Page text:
Meet the Leadership Blog Series: Different Reasons for Going into Law Enforcement

The IACP Board of Directors is comprised of the IACP Executive Board as well as 33 law enforcement leaders appointed by the IACP President. The members of the Board of Directors represent agencies large and small around the globe and govern the IACP. In the IACP’s Meet the Leadership Blog Series, the IACP will feature brief profiles of the 33 appointed members of the Board of Directors.


Name: Rick Scarbrough

Title: Chief of Police

Agency: Clinton, Tennessee, Police Department

Year Joined the IACP: 2002

Reason for Going into Law Enforcement: The law enforcement profession actually found me. I had never considered it before. I was a 20-year-old full-time college student, working part-time in construction. A friend of a friend mentioned a part-time corrections officer position with our local sheriff’s department. That is how it started, three nights per week I worked at the jail. I began going on ride-alongs with the deputies and soon knew this is what I wanted to do. Six months later, I accepted a full-time position and put college on the back burner. I later returned to night classes and completed my bachelor’s and master’s degree.

First Heard about IACP: I was named Chief of Police in 2002 and was referred to the IACP soon after by my fellow Tennessee chiefs. My first IACP conference was in Miami, Florida in 2005. I was blown away by the amount of educational opportunities then and the conference is so much larger now.

Becoming More Involved in IACP: As a new chief with a small agency, I needed a source for innovation and ideas and the IACP became my “go to” for those resources. The IACP is for every agency regardless of size.

Favorite Part About Being in Law Enforcement: Being in law enforcement provides the opportunity to contribute to maintaining the quality of life for our citizens.

The Most Challenging Part of Law Enforcement: The law enforcement profession, arguably, may be facing the greatest challenge it has ever faced. Earning and maintaining the trust of the communities we serve can establish the foundation we need to be successful. Every challenge, creates the opportunity for us to be the example; it starts and ends with us.

One Piece of Advice for the Leaders of Tomorrow: Our profession is constantly evolving. Our leaders must be lifelong learners. Again, today’s challenges are tomorrow’s opportunities.

Name: Kristen Zimanziman1483_ppa

Title: Chief of Police

Agency: Aurora, Illinois, Police Department

Year Joined the IACP: 2010

Reason for Going into Law Enforcement: I knew I wanted to be a police officer from the time I was a youngster. My father was a cop and I was drawn to the notion that police officers were action-oriented. I recall being with my father on countless occasions where he told me to stay put in the car while he wrestled keys from a drunk driver who had just smashed into a toll booth or jumped out to assist people involved in an accident. It seemed like an adventurous profession and as I grew older, I wanted to be a part of something that put personal risk aside to help others. Plus, I could never visualize myself as a person who sat at a desk all day (the irony is not lost on me!).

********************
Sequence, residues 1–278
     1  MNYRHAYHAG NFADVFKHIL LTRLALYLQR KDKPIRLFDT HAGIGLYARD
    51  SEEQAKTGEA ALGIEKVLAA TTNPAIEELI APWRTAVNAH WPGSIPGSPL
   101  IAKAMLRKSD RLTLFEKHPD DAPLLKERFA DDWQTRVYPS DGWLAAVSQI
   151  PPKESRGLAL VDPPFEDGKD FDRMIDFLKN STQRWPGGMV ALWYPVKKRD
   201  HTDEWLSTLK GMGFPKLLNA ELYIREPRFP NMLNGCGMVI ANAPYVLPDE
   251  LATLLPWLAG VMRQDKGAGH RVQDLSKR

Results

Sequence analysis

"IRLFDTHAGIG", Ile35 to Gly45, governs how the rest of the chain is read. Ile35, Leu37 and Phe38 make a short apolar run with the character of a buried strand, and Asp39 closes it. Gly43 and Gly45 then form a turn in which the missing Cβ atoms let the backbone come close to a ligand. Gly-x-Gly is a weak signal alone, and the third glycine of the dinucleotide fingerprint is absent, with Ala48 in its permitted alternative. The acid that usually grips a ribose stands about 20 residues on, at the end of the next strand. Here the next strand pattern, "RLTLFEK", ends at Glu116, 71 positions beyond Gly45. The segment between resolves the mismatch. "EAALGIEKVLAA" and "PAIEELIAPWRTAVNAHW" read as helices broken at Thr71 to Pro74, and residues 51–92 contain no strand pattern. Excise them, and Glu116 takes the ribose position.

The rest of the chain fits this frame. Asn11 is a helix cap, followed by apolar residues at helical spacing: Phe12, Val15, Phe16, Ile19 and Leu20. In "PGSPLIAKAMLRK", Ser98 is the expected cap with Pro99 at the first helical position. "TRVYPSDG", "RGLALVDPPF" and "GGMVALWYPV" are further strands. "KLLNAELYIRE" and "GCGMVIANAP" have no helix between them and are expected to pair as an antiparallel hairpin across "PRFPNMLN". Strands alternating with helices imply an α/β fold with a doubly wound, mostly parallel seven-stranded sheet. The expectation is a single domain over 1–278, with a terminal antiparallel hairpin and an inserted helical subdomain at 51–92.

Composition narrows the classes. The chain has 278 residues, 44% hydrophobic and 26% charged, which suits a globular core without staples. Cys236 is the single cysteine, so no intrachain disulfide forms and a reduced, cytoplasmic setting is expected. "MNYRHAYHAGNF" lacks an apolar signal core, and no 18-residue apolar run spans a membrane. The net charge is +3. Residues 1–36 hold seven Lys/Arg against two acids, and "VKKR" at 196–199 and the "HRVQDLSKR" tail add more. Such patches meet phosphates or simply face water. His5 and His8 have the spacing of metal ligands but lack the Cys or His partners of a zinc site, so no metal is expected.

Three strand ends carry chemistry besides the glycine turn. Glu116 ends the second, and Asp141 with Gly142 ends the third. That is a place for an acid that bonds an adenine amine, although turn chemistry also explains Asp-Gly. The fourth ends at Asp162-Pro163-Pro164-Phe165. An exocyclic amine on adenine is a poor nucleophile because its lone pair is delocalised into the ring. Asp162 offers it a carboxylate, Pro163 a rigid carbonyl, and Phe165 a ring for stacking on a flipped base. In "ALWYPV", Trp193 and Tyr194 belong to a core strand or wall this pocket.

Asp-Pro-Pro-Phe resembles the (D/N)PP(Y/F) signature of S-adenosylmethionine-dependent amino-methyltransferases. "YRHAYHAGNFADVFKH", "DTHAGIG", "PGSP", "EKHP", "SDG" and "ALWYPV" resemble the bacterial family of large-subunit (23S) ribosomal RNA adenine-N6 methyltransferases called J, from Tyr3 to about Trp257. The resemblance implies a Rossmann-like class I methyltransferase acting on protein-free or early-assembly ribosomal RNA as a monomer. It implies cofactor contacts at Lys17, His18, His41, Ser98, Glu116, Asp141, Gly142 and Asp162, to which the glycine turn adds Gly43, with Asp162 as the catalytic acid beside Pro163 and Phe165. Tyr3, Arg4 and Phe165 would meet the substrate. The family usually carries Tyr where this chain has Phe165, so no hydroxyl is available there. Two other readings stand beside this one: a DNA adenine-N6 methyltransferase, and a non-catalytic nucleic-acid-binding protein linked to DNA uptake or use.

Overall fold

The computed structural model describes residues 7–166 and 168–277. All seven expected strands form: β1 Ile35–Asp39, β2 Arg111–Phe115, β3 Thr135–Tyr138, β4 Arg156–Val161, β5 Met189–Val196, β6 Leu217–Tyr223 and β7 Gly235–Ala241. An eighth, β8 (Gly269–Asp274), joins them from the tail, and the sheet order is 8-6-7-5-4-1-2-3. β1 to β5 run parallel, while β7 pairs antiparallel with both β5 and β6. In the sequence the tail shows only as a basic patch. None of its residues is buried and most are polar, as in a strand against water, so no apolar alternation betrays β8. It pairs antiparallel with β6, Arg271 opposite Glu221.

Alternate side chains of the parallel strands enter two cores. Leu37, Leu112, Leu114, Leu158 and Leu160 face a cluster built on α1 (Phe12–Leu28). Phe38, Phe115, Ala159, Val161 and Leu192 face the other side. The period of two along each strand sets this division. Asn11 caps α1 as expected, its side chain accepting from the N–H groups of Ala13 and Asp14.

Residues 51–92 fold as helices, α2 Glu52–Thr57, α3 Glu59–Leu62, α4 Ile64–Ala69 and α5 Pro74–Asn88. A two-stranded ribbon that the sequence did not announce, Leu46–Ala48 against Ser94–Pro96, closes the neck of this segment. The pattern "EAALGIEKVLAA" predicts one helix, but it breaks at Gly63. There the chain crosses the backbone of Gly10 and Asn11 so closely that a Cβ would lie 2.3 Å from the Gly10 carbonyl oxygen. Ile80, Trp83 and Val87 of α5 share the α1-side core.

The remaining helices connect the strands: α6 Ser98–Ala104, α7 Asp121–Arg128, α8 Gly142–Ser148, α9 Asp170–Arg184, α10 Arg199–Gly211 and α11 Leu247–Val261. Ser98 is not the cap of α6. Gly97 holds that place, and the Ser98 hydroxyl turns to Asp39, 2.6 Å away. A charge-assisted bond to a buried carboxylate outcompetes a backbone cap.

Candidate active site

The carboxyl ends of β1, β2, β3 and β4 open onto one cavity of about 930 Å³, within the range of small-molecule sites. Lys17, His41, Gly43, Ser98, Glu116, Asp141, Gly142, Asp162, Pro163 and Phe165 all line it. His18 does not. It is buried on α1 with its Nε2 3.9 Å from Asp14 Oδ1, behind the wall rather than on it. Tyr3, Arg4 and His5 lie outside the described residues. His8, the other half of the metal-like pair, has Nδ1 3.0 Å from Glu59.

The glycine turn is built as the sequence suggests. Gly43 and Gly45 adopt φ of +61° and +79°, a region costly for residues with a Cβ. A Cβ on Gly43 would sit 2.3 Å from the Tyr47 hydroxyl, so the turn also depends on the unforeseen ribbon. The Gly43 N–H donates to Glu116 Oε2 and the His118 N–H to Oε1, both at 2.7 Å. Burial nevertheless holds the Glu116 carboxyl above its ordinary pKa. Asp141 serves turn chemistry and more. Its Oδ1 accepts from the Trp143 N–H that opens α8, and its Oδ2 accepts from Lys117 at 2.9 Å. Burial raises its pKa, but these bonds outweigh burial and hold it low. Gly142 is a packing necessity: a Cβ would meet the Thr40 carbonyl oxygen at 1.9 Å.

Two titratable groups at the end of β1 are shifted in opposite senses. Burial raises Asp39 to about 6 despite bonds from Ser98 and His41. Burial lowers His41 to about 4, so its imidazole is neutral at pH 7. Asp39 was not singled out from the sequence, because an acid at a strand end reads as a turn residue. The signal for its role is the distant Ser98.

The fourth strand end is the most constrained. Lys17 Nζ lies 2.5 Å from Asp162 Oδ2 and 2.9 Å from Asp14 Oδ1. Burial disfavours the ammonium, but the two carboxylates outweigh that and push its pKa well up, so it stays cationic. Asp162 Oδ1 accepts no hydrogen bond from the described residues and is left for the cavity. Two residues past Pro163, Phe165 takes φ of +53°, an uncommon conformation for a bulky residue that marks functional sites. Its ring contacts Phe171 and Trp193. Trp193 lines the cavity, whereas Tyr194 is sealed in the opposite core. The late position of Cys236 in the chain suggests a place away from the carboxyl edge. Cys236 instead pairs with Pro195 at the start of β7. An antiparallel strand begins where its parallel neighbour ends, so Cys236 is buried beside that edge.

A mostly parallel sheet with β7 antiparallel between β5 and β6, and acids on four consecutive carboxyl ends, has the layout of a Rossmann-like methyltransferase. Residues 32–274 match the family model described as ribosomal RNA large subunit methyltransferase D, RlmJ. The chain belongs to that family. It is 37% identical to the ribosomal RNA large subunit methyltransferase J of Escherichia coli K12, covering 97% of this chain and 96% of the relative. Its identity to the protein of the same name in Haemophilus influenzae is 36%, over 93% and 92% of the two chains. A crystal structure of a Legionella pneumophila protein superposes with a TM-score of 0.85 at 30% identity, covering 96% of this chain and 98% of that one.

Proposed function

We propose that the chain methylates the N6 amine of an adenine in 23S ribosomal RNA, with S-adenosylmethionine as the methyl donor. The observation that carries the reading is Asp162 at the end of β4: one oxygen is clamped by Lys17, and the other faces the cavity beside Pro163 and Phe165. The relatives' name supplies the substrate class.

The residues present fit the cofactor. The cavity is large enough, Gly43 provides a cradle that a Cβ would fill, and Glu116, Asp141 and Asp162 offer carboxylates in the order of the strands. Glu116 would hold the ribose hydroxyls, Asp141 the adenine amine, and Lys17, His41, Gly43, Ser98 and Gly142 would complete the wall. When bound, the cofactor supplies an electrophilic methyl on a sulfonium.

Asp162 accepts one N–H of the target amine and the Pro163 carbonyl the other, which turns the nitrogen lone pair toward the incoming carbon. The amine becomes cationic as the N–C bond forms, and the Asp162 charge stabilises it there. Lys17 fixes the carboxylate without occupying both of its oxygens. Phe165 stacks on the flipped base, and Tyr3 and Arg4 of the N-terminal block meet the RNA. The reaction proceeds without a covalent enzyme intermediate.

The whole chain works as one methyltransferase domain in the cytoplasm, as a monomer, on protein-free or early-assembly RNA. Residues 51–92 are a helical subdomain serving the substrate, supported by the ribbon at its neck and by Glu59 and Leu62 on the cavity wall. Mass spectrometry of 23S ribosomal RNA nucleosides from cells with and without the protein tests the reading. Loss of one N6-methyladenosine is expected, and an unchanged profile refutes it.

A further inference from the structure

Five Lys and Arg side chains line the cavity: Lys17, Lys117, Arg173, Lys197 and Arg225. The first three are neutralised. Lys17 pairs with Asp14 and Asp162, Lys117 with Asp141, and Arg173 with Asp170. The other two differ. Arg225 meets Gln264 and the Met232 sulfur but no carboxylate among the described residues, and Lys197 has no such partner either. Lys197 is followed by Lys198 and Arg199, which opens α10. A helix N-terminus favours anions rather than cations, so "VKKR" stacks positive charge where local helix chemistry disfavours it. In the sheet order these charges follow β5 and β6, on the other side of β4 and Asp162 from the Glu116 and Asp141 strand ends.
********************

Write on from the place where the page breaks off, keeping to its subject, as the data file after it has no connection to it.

First Heard about IACP: I taught for Franklin Covey (7 Habits of Highly Effective Police Officers) so I was fortunate to attend an IACP conference by working the Franklin Covey booth at the expo hall when I was a sergeant and lieutenant. Even though I was there as part of the expo, I found ways to sneak into the breakout sessions and gather some intellect.

Becoming More Involved in IACP: IACP is the gold standard in law enforcement. The IACP dedicates time and resources to researching and implementing best practices. I wanted to be a part of that “think tank” that contributes to making better police departments and better officers.

Favorite Part About Being in Law Enforcement: I love everything about law enforcement. Every assignment from patrol all the way up to chief has become my favorite because each plays a crucial role. As a line level officer, I felt as though my work and actions were making an impact on individuals and the community as a whole. Now as chief, the decisions I make affect each police officer and it is my responsibility to take care of them so they can take care of our community.

The Most Challenging Part of Law Enforcement: The most challenging part of being in law enforcement is the negative perception that we continue to battle. When one officer tarnishes our badge, we are all painted with the same broad brush. I wish the public understood the depth and breadth of the commitment, compassion, and courage that the majority of our officers possess.

One Piece of Advice for the Leaders of Tomorrow: The advice I would give is that you are solely responsible for your own career. To be a leader, you have to take each and every opportunity that comes your way — even the ones that scare you. Sometimes the assignments you don’t want are the ones that mold you for the future.

Be relentless in pursuit of education. I pursued a bachelor’s degree at night while working full-time and raising two kids. I got my master’s degree by working on assignments during my kids’ soccer games and gymnastic meets. I went to the FBI National Academy. I attended Harvard by securing a grant when my police department didn’t have the funds to send me. Read everything you can get your hands on because the more you know, the better you will be at your job.

And above all, don’t compete against anyone. Your only competition is yourself and if you commit to constant self-improvement, you’ll get where you want to go.

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